Thursday, April 12, 2012

Jumper Jumps

The jumper ring has a greater variety of jumps than does the hunter ring, designed to test the horse and rider rather than show them off. In this post we'll cover the main obstacles that you'll find in the jumper ring (aside from the natural ones). Most of the variation that you'll see beyond what I'm showing is simply in height and width, although you will occasionally see some fan-type jumps created by using only one standard on one side of an oxer or triple bar.

We'll start with the simplest jumper jump, the vertical:

Unlike in the hunter ring, jumper verticals tend to be truly in one vertical plane. There is occasionally filler placed under the jump, but it doesn't usually extend far enough in front of the jump to change the shape. The vertical requires the horse to rock back and jump a round arc rather than a longer, flatter shape.

Next up is the oxer. There are several types of oxer that you'll see in the jumper ring, and we'll start with the ramped oxer:

Similar to the hunter ramped oxer, this jump doesn't test the front end as much since the ramped shape gives the horse extra time to tuck up the front end. This shape tends to produce a longer, flatter jump. You'll often see this type of oxer at the beginning of the course because it's inviting and encourages a good flow.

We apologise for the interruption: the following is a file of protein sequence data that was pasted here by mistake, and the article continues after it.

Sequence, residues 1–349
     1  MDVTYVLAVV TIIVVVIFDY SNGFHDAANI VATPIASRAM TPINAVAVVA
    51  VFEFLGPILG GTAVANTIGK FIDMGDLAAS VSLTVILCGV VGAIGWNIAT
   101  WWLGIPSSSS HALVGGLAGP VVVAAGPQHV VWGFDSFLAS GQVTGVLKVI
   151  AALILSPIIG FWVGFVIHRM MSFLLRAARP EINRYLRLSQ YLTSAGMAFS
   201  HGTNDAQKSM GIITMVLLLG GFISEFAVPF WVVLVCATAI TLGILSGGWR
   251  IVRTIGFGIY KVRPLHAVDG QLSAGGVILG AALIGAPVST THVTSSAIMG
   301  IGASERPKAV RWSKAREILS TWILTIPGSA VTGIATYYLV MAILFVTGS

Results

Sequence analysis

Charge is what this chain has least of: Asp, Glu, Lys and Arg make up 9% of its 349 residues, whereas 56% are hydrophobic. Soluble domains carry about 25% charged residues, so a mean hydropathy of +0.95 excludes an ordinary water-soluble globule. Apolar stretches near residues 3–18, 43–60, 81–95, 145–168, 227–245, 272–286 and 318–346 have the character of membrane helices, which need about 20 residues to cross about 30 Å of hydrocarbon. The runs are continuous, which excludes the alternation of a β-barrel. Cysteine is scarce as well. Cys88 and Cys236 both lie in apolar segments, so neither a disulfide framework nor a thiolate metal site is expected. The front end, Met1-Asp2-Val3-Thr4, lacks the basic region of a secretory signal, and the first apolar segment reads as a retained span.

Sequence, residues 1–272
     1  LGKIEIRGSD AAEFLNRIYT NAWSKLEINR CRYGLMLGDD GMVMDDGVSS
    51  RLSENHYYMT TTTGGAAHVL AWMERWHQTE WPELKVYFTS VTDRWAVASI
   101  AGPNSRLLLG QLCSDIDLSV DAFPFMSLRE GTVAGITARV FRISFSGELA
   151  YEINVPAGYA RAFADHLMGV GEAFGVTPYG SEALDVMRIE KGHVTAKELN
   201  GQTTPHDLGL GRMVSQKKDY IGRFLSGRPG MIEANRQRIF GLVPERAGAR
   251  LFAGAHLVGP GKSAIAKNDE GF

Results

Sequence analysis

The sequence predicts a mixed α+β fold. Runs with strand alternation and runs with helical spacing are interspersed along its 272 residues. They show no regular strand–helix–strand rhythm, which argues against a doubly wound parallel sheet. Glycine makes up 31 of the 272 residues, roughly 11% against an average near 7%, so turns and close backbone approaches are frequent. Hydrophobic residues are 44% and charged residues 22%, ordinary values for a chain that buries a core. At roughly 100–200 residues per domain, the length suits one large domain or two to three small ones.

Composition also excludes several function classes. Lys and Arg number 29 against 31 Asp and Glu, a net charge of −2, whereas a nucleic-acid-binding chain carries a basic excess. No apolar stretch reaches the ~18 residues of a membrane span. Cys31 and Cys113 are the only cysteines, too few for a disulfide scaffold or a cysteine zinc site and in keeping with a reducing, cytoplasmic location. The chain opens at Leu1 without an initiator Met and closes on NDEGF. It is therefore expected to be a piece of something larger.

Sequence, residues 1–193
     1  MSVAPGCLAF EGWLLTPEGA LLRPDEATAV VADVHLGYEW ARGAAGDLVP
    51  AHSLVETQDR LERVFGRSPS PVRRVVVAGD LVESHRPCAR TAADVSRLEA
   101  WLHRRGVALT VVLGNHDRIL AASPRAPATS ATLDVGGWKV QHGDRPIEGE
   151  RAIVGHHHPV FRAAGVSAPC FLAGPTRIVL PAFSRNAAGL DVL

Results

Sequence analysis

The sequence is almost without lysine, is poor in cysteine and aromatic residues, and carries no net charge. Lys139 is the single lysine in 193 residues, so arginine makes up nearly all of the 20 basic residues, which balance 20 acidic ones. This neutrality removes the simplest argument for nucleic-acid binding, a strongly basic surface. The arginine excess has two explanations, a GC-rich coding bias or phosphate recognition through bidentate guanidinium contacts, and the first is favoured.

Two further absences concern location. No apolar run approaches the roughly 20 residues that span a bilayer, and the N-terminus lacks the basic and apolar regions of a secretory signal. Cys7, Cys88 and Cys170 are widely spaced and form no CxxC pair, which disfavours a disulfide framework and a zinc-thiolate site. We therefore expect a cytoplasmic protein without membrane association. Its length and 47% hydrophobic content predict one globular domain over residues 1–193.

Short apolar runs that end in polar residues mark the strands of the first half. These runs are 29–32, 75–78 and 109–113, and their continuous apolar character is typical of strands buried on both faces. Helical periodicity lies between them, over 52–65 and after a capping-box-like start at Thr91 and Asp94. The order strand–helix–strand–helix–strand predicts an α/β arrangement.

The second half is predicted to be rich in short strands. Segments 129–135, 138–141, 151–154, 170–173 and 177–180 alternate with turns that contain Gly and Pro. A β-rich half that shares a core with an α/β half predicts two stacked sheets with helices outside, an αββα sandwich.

And now the square oxer:

This type of oxer tests both the horse's front end and the ability to cover width by having the front rail and the back rail at the same height (or "square"). This will produce a more rounded jump out of the horse than a ramped oxer would.

Thirdly, we have the Swedish oxer:

This type of oxer has the front rails and back rail(s) slanted in opposite directions. The result is a ramped oxer on one side (in this case, the left) and an off-set descending oxer on the other (in this case, the right). This type of jump requires precise riding to avoid the horse jumping the off-set side, which could result in knocking the high front rail down or landing into the unseen back rail. It can be jumped either in the very center (in which case one side would still be mildly off-set, risking a front rail) or slightly to the ramped side. In the diagram on the right, the ends of the top rails furthest from the viewer are in grey, while the ends closest are in blue. The lines show the difference in shape from the front rail to the back rail on each side.

Finally, we have the triple bar:

This jump consists of three sets of standards creating a wide obstacle with three top rails in an ascending shape. While the width of these jumps can be imposing, the shape of the jump actually makes the width easy if it is accurately ridden. Because the first rail is so low, the horse can take off very close to it and reach the top of the jumping arc by the final rail. This is not a jump at which to take a long spot!

Next time we'll look at some of the potential natural obstacles that you might encounter in the jumper ring.

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